Jcsivimasv Irish Communism
T" present situation in Ireland is reviewed in the current issue of World News. which is the British Communist Party's journal for party members.
As was to be expected the writer, who signs himself A. Raftery, places his main hopes within Ireland itself, upon the Irish Worker's League. In his concluding paragraph he writes:
" The consistent campaign against anything liberal or progressive carried out by the spokesmen of the most reactionary capitalist elements. cynically using the deep religious feeling of the people, has largely succeeded in preventing the development of an organised progressive movement in the Republic." For " progressive," of course, read "Communist." The tribute to the " deep religious feelings of the people " is significant. So is the fact that arty sort of optimistic note is conspicuously absent from the article, But who. I wonder. had he in mind when he wrote of those spokesmen of reaction? I seem to remember the same words used to describe the Bishops and clergy in those places where the Communists rule.
HONGKONG'S Catholic Centre must surely he one of the most active bodies anywhere. When I visited it last summer I was amazed at the extent and diversity of its activities and the range of the publications which the Centre and the C.T.S., which has its headquarters there, publish between them.
Among the latest batch of its publications to reach me is " The Year of Mary." It is an ambitiously produced pictorial record of the Marian Year celebrations in the tiny colony which stands on the edge of the Communist world.
Like most of the Centre's publications, it is in both English and Chinese.
Hongkong, like the cities of South Korea and Formosa, is packed with homeless refugees from Communism. many of whom arc coming as converts to the Faith. In "The Year of Mary " is published a poem by a Maryknoll nun which has been inspired by Hongkong's refugees but which takes on a particular poiganey at this moment when literally hundreds of thousands of others are making their way at enormous risk from Communist North Vietnam to the South.
Here are some lines from it: " Lady of Nazareth. in the sacrifice of your home in Galilee, you are the mother of refugees, who, to escape from Red Terror, must needs leave everything too, home and field, church village. market and native land. Lady on the Road, to Egypt, you pave the way to the hearts of refugees. For, your dark path of pain and tribulation is just like theirs. as they flee from friendly climes to strangers' shores.
They carry the barest essentials. They tread wearily under burning skies. They walk TO uncertaint,
feeling separation and desolation. Lady on the road to Egypt, how great must be your compassion for refugees. . .
How to help
ASMALL pamphlet entitled "Crisis in Vietnam," is due to become available for sale this week-end. In eight small Pages it briefly outlines the background to the present situation, the plight of the refugees and the need for quick action to save those who are in danger of being trapped in ffieir hundreds of thousands in the North when the border is closed against them on May 19. In particular. it suggests a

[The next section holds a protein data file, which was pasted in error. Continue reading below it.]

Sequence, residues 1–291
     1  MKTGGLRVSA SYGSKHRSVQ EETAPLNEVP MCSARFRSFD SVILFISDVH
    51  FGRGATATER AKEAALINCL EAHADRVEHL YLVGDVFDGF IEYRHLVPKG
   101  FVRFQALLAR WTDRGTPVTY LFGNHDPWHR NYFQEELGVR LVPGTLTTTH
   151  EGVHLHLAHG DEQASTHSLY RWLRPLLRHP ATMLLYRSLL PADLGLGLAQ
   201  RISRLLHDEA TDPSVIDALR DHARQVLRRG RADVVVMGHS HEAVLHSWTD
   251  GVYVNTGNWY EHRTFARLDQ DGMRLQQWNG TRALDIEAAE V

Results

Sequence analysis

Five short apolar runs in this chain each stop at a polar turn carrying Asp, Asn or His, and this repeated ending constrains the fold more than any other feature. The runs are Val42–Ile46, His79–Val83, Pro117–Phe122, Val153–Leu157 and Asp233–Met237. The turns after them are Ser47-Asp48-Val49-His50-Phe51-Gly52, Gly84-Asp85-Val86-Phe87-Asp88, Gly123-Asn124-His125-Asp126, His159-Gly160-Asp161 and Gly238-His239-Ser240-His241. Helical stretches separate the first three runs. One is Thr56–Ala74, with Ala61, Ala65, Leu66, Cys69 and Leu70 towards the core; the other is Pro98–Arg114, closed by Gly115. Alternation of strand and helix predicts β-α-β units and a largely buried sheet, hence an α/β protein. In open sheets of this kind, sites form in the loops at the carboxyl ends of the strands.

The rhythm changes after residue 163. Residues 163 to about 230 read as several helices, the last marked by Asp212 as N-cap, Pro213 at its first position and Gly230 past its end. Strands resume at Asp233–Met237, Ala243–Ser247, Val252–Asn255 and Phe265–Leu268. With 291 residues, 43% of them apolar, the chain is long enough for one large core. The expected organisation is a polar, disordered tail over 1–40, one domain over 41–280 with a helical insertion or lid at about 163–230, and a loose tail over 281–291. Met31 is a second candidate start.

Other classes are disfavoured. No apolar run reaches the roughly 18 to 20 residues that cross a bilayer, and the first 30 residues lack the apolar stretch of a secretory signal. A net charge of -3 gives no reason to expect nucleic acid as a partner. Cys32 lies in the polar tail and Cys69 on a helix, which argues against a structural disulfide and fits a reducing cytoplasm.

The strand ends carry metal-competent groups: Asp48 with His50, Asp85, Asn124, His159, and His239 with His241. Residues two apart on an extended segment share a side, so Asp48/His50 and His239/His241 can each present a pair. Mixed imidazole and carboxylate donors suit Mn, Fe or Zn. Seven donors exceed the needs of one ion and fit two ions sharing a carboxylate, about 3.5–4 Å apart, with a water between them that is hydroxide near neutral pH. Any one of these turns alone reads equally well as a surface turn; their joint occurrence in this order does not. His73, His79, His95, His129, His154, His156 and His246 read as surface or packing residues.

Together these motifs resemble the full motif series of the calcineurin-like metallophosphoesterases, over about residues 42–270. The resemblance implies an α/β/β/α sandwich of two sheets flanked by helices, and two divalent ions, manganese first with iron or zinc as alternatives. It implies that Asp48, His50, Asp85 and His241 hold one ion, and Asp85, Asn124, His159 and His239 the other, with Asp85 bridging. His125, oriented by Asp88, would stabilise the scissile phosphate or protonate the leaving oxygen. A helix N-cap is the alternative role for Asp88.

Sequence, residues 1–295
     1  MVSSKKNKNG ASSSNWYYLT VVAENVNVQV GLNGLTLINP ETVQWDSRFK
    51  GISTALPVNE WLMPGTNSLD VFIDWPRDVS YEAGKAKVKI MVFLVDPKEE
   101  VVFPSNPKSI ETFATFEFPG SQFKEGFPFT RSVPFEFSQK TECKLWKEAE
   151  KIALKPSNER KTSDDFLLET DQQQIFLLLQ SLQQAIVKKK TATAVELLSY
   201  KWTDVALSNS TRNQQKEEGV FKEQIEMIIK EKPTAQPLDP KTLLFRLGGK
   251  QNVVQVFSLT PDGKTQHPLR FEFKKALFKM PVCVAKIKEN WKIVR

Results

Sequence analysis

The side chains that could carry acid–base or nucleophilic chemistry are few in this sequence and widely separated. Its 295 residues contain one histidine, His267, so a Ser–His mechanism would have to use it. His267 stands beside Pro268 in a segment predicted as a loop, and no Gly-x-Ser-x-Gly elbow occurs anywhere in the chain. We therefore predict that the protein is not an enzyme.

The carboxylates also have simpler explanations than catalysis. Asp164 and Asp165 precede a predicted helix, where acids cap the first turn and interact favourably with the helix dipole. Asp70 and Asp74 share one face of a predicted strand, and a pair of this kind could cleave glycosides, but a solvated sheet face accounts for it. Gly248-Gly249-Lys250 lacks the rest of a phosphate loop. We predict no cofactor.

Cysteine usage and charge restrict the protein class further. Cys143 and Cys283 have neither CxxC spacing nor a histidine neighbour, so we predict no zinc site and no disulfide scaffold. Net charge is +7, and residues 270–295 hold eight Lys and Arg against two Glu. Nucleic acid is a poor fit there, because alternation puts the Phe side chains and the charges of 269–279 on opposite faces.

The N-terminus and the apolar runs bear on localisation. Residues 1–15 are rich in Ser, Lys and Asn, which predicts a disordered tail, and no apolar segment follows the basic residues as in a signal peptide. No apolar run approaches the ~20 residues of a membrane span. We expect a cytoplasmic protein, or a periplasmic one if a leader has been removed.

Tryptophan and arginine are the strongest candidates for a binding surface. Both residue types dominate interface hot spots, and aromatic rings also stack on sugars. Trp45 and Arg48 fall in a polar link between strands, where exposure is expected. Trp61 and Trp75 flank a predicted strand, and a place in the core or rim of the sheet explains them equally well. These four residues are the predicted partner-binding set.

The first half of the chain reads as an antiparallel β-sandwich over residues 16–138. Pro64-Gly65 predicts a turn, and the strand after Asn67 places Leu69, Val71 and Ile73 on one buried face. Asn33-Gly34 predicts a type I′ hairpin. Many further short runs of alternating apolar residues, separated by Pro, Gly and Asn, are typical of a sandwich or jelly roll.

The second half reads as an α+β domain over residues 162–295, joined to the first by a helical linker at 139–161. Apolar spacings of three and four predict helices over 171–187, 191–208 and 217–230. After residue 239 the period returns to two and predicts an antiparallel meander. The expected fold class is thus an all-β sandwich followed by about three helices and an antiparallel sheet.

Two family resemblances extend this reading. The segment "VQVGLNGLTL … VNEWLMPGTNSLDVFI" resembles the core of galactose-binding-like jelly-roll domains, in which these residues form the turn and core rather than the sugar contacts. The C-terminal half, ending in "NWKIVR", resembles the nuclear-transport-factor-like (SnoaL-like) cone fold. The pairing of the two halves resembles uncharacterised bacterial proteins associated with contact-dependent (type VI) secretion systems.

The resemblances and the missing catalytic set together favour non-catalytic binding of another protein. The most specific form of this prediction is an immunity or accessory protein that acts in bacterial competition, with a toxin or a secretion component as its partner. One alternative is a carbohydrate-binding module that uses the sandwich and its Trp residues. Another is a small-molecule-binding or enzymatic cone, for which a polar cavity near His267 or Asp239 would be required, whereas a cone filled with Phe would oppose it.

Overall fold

number to help. things which you can
d With due modesty (since I am its author) I would like to suggest that those who wish to aid Vietnam's refugees, or are enxious to waken the ruble: conscience to what has happened there, should get supplies and distribute them as widely as possible. They may he obtained from the Sword of the Spirit, 128, Sloane Street. London, S.W.1. mice 2d. per copy plus postage; 10s. for 100 copies post free, and pro rata.
IT the Communists can confuse the world and the local Catholics of North Vietnam about the situation there they will certainly do so. That. I suppose, accounts for the departure from Poland last week for North Vietnam of three " progressive" Catholics including one " patriot " priest.
In Communist double.talk " patriotic" in this case means ones who have made their peace with the Communist regime for which they now work. Their task will, God forgive them, presumably he to try to persuade the Catholics in Ho Chi Minh's zone to remain under Communist rule instead of seeking to take refuge in the south. It will not be easy for peasants reared in the Faith to recognise them for what they are. The Communists have in the recent past given such " patriotic" priests some peculiarly grisly jobs to do but this one simply makes one's blood run cold.
Priest in Odessa
THE current issue of the A Ammtptionist magazine contains an interesting account of an attempt by an Assumptionist priest, Fr. Nicholas, to work as a parish priest in Soviet Odessa.
Fr. Nicholas went into Odessa at the request of the Holy See at the time When the city was occupied by Hitler's troops. When the Russians later moved in he was permitted to continue his work for souls.
Then. three years later, he was arrested, charged with spying, interrogated for a total of 250 hours, given eight years " corrective " treatment—i.e. forced labour —and finally expelled. The Catholics of Odessa have no priest. But they still gather in Fr. Nicholas's church each Sunday and pray together under the leadership of a sacristan in cassock and cotta.
The Assumptionist is published by the Augustinians of the Assumption. at the Priory, Victoria Park Square, London, E.2.